A Good Vote and a Flawed Argument

June 08, 2012
9:18 am

The U.S. House of Representatives did the right thing yesterday in voting to repeal the excise tax on medical devices that is part of the Patient Protection and Affordable Care Act.  The vote came in solid bipartisan fashion, not a common occurrence on Capitol Hill these days.  The vote was 270-146 with 37 Democrats joining the majority.

It’s a sound move to kill a tax that will, according to studies, eliminate jobs in the United States.  (In fact, it’s already forced some medical device companies to begin laying off employees.) It will also undermine medical innovation.  Because it’s a tax on revenues, not profits, it will be particularly damaging for the many start-up companies that drive much of the innovation in this country.

Of course, it’s already been made clear by the U.S. Senate leadership that there are no plans to give the legislation a vote in that body.  As one Senator told Politico yesterday, “I hear from the medical device companies in my state and I tell them, ‘I don’t think this is a bad bargain for you.’  It will be more than offset by increased demand for your product.”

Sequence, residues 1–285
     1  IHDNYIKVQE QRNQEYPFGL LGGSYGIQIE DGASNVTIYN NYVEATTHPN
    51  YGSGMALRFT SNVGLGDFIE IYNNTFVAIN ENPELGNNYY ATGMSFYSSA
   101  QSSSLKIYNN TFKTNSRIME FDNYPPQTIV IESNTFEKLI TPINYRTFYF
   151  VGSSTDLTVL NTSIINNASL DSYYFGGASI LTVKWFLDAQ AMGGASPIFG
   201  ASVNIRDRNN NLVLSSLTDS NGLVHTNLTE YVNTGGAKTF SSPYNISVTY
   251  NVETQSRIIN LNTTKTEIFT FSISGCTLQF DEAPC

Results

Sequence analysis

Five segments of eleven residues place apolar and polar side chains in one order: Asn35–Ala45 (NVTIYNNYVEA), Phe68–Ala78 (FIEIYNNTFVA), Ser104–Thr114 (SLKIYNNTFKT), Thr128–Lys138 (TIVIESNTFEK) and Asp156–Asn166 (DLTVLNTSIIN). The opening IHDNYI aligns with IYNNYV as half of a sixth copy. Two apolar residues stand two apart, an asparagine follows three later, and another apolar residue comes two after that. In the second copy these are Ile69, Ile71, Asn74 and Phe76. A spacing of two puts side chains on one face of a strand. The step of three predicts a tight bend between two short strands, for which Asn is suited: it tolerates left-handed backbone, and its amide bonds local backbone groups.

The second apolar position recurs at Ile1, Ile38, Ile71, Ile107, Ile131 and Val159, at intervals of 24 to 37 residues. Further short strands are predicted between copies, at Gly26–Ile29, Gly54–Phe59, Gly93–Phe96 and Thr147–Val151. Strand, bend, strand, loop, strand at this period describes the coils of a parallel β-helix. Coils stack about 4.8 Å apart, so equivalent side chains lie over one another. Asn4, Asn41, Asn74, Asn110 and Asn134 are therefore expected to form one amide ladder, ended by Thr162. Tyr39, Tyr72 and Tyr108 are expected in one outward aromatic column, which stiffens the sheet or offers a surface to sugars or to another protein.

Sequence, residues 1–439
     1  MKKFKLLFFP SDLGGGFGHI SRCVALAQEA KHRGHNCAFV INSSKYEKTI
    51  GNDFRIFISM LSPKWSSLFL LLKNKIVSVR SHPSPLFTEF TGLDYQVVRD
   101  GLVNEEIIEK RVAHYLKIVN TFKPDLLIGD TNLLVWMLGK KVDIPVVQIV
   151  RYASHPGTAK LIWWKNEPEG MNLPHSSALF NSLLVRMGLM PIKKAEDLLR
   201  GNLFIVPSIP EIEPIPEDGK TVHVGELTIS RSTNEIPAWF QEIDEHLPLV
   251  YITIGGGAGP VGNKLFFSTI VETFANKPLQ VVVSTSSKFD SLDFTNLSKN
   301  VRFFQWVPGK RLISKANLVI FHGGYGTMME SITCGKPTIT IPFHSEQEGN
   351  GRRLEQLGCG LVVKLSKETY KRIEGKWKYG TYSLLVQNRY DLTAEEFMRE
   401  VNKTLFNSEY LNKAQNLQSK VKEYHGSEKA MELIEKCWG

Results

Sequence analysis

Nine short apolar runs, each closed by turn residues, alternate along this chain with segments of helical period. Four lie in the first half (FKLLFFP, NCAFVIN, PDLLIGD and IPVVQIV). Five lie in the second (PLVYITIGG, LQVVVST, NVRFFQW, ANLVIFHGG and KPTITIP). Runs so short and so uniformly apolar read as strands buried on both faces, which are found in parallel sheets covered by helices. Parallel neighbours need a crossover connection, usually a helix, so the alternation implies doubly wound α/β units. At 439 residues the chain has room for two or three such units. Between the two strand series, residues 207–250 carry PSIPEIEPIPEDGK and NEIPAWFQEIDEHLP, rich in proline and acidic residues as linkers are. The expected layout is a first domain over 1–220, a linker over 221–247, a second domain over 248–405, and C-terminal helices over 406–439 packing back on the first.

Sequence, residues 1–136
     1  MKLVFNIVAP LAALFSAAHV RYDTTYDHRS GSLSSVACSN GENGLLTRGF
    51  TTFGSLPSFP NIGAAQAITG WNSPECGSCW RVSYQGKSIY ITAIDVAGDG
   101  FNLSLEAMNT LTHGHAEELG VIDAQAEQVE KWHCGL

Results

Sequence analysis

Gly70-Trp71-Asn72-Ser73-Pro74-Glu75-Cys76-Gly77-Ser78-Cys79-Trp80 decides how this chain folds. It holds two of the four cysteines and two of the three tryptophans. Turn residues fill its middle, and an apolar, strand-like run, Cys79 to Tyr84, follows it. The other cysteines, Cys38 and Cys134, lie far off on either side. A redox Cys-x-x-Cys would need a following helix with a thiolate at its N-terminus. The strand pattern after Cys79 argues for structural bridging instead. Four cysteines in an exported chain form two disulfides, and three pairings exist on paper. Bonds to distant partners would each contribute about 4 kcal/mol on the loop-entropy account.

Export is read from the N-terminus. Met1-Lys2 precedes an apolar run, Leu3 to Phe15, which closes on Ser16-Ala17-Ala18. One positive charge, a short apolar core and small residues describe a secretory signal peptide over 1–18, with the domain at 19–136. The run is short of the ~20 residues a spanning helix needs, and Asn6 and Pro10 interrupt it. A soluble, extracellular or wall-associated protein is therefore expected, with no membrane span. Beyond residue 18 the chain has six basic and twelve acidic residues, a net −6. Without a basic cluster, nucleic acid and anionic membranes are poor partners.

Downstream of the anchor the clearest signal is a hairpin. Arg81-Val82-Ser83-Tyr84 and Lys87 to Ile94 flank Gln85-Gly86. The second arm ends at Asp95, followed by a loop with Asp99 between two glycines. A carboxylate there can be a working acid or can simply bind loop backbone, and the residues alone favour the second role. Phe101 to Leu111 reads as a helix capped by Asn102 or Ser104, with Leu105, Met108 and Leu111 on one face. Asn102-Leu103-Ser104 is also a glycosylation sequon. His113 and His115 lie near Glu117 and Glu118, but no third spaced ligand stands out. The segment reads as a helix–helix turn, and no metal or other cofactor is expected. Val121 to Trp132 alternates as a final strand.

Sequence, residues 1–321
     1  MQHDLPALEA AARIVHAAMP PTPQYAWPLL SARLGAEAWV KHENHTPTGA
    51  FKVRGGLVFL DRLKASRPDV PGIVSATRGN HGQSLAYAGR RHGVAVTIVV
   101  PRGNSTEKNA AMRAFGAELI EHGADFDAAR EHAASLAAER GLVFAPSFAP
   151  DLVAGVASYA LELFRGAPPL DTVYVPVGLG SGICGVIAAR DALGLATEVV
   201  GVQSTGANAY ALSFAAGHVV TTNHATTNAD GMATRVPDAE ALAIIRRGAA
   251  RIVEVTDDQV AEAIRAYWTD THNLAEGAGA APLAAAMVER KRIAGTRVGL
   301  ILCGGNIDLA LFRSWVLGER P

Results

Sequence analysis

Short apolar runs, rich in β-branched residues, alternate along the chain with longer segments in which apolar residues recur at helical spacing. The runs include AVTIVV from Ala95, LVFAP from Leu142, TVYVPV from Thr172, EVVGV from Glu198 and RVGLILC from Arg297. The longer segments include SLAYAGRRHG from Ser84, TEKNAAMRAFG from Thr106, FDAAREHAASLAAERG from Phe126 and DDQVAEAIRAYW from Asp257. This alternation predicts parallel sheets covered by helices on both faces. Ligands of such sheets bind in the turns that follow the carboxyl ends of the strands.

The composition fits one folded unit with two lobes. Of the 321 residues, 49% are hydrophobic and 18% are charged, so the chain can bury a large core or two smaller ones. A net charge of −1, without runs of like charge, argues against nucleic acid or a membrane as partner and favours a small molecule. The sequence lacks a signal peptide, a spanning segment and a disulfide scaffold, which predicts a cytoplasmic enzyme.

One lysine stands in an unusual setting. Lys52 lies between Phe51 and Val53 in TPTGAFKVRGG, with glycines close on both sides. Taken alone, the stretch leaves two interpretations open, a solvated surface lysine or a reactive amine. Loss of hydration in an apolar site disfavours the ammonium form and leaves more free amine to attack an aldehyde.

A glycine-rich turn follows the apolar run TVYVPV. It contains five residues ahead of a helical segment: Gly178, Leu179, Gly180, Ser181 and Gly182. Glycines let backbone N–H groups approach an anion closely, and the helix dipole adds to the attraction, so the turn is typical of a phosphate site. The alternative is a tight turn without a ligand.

The Senator’s reference is to the greater number of people who will have health insurance under PPACA and, ostensibly, be purchasing more medical devices.  That argument, however, isn’t grounded in real-world circumstances.  In terms of volume, the most significant purchasers of medical devices are senior citizens, who are already covered by Medicare.  And many other medical devices are currently implanted by surgeons in the operating room, whether the patient has insurance or not.  The medical device field is not one brimming with elective purchases.

This vote takes place against a backdrop of declining public support for health reform.  A CBS News-New York Times poll this week showed that two-thirds of Americans want the Supreme Court to overturn all or part of PPACA.  Even if the law survives the Court challenge, implementation will be more successful if the public is accepting of health system changes.  A good start in building that public support would be rejecting the law’s most objectionable provisions.

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